Next the Maryland district court addressed the issue of preemption, citing to Buckman v. Plaintiffs’ Legal Committee, 531 U.S. 341 (2001). The court determined that Zimmerman’s claim implicated a type of implied conflict preemption known as obstacle preemption because New Jersey, like many states engaging in tort reform, recently enacted a statutory immunity provision that generally prevents a plaintiff from recovering punitive damages in a pharmaceutical products liability case if that drug manufacturer complied with FDA regulations. Here, the FDA approved Aredia and Zometa, and the agency did not make any finding that Novartis did not comply with its federal statutorily-mandated disclosure obligations. Zimmerman’s claim for punitive damages under New Jersey’s statutory immunity provision posed an obstacle to the Food, Drug and Cosmetics Act (FDCA) regulatory scheme because it required a fact finder to make a determination that a federal law left exclusively to the agency. The Maryland court stated that, as in Buckman, the FDA has exclusive authority to decide whether a drug is safe and effective enough to be approved for sale in the United States and the flexibility to decide whether and what type of enforcement claim to bring against a drug manufacturer that breaches the disclosure duty. Thus, because the New Jersey statute predicates punitive damages on whether a jury finds Novartis violated the FDCA and applicable regulations, the court concluded that the New Jersey statute created an obstacle to the FDA’s ability to effectively police compliance. See N.J. Stat. Ann. § 2A:58C–5(c) (West 2012).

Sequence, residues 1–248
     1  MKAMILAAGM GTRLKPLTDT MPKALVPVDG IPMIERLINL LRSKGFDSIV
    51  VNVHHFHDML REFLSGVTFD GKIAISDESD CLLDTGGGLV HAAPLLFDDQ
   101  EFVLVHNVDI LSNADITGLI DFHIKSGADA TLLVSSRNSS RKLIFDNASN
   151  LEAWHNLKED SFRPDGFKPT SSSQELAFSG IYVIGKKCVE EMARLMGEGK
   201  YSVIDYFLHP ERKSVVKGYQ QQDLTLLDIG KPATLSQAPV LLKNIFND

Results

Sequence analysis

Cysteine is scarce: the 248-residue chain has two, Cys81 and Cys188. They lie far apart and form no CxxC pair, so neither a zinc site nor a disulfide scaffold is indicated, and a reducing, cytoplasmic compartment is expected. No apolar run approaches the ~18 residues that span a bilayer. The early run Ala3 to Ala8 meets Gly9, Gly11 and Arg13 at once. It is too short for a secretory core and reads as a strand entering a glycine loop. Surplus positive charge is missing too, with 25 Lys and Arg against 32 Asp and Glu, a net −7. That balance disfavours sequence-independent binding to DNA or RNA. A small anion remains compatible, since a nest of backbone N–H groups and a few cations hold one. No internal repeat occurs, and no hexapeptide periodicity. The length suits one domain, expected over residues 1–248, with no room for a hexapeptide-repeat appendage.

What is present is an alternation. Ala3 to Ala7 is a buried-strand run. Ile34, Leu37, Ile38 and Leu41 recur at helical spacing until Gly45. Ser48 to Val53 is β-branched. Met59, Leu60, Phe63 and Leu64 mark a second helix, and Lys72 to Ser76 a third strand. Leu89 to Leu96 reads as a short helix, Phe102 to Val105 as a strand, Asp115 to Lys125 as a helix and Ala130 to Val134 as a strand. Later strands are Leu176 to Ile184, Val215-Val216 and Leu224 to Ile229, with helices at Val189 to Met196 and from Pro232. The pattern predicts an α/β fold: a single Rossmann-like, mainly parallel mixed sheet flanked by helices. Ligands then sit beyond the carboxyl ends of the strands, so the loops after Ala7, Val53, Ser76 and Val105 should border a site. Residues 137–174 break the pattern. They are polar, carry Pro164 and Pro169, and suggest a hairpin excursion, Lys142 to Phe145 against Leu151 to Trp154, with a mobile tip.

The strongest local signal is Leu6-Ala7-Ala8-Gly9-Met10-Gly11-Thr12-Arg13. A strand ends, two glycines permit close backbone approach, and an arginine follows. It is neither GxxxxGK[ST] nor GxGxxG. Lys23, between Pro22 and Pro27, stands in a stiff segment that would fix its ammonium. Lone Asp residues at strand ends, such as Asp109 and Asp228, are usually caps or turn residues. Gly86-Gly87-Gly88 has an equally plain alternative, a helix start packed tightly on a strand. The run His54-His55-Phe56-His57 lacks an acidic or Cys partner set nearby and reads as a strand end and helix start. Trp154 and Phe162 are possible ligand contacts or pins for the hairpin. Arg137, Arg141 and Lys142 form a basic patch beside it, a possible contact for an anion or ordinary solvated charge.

Because New Jersey’s statutory immunity provision attempted to legislate in an area of significant federal concern, the court determined that the statute could not “enjoy the presumption of validity.” Alternatively, even if the claim were not obstacle preempted, the court noted that the presumption against preemption does not apply to a fraud on the FDA claim as it applies to traditional tort claims implicating health and safety matters. Specifically, the district court concluded that such a presumption would not apply to that part of Zimmerman’s claim which, by virtue of New Jersey law, conditions any recovery of punitive damages on a showing that a defendant-drug manufacturer “knowingly withheld or misrepresented information required to be submitted under the [FDA’s] regulations, which information was material and relevant to the harm in question.” N.J. Stat. Ann. § 2A:58C–5(c) (West 2012). For these reasons, the United States District Court for the District of Maryland denied Zimmerman’s claim for punitive damages against Novartis.